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In 2023, The Royal Entomological Society Garden was designed for the Chelsea Flower Show to showcase how remarkable and valuable insects are to humankind and to the natural world, and to encourage visitors to consider their relationship with insects in their own gardens. Once relocated to its permanent site, the garden will will provide an inspiring place in which insects can be studied, researched, and observed in a beautiful natural environment with visible insect science taking place in the unique, insect eye inspired, outdoor laboratory.

The RES Garden demonstrates how to create range of habitats for insects within a garden and encourages gardeners to view their gardens first and foremost as habitats for a wide range of creatures. After all, our gardens and public green spaces are the easiest and most accessible places for getting up close and personal with a wealth of wildlife.

Designed by Tom Massey and supported by Project Giving Back, the garden aims to uncover the unseen and unheard creatures that live in the natural world.

Outdoor laboratory 

The garden’s outdoor laboratory, built into a hillside, encourages visitors down into the landscape, offering an ‘insect eye view’ and a space in which to study. A moveable projector screen links to microscopes in the lab, giving the opportunity to show enlarged insects at magnified scale, revealing their fascinating morphology and offering opportunities for education. The lab’s roof structure is inspired by a compound insect eye and will provide ‘modules’ permeable to insects, providing an accessible opportunity for on-site research, study and identification.

The iridescent laboratory dome for the #RESGarden

The garden features both standing and free-flowing water, dead wood and climate-resilient planting involving a mix of native and non-native plants that provide a wide range of food sources for pollinators and other beneficial insects. The front of the garden features drought resistant planting representing that typically found on brownfield sites. Some of these common plants may be considered weeds e.g. dandelions, clover, vetch and knapweed, but they play an important role for insects.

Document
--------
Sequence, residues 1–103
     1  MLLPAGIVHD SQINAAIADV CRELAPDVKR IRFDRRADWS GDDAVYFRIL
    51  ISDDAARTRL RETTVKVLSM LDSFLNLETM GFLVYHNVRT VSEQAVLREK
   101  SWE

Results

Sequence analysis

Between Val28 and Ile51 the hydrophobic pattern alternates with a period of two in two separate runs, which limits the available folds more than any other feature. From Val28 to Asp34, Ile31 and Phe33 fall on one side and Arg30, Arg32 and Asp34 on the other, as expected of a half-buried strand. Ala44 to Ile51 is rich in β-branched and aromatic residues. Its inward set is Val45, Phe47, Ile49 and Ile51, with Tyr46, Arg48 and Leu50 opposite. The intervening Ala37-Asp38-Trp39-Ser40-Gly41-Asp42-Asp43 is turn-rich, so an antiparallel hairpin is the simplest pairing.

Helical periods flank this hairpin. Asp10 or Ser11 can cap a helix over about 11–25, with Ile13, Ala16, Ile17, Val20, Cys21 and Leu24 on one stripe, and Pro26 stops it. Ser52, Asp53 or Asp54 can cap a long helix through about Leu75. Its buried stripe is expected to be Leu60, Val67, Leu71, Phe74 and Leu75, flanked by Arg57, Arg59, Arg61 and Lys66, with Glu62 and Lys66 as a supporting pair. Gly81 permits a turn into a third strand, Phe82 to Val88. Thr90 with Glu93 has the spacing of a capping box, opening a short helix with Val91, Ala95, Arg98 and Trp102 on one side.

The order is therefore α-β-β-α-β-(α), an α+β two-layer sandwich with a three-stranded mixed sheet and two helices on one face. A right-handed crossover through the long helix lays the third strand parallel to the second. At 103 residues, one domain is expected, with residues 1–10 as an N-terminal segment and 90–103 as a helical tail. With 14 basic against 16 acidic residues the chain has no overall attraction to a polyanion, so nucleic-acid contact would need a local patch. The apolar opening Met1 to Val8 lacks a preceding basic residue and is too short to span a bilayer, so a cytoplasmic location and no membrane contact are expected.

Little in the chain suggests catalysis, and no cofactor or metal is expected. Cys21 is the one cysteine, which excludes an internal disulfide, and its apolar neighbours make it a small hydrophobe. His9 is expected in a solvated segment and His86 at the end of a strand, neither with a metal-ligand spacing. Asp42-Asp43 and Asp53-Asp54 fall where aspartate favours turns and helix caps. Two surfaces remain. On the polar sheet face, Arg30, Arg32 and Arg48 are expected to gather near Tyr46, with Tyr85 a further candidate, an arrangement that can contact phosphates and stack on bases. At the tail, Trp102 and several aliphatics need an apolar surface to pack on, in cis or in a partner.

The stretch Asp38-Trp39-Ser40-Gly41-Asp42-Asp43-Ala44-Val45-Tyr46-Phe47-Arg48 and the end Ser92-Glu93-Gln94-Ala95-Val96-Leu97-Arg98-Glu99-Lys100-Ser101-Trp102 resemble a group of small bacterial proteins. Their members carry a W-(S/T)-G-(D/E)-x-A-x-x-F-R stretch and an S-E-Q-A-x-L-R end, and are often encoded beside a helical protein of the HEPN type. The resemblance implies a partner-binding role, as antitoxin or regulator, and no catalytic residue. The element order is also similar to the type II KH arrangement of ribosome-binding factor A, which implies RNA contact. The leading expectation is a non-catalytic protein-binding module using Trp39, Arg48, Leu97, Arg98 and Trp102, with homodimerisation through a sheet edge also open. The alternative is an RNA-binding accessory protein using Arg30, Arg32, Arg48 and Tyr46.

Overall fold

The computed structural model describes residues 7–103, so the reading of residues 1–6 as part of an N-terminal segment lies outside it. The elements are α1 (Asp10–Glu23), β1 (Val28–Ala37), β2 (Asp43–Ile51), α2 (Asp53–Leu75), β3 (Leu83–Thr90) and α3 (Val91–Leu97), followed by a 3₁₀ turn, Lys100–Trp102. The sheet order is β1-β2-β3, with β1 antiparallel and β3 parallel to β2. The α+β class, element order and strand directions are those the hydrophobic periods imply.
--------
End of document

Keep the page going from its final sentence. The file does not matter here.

Behind the lab, naturalistic planting evokes meadows at the edge of native woodland, rich in insect life. Trees in the garden are also important for insects including hawthorn, silver birch, Scots pine and hazel.  

Plant list

Star plants for an insect-rich garden:

Common dandelion
(Taraxacum officinale)

Common dandelion (Taraxacum officinale)

Good nectar source for many
flying insects such as lacewings, ladybirds and a larval food source for moths.

Pygmy borage
(Borago pygmaea)

Pygmy borage (Borago pygmaea)

Attracts a variety of pollinators,
particularly bees. After a bee has visited a flower, it refills with nectar within two minutes.

Viper’s bugloss
(Echium vulgare)

Viper’s bugloss (Echium vulgare)

Supports many insects including 20 species of butterfly, bees and hoverflies. Several rare insects only live on this plant.

(Crategus monogyna)

Hawthorn (Crategus monogyna)

Supports over 300 species of insect, in particular flies, including hoverflies, and small beetles.

Common hazel
(Corylus avellana)

Common hazel (Corylus avellana)

Supports a wide range of insects and its leaves provide food for moth caterpillars.

Beth’s poppy
(Papaver dubium subsp. Lecoqii ‘Albiflorum’)

Beth’s poppy (Papaver dubium subsp. Lecoqii ‘Albiflorum’)

Provides food source for many insects including beetles and pollinating flies

What’s happening now? Follow the journey…

Download the garden leaflet with ‘Incredible Insects’ poster:

See also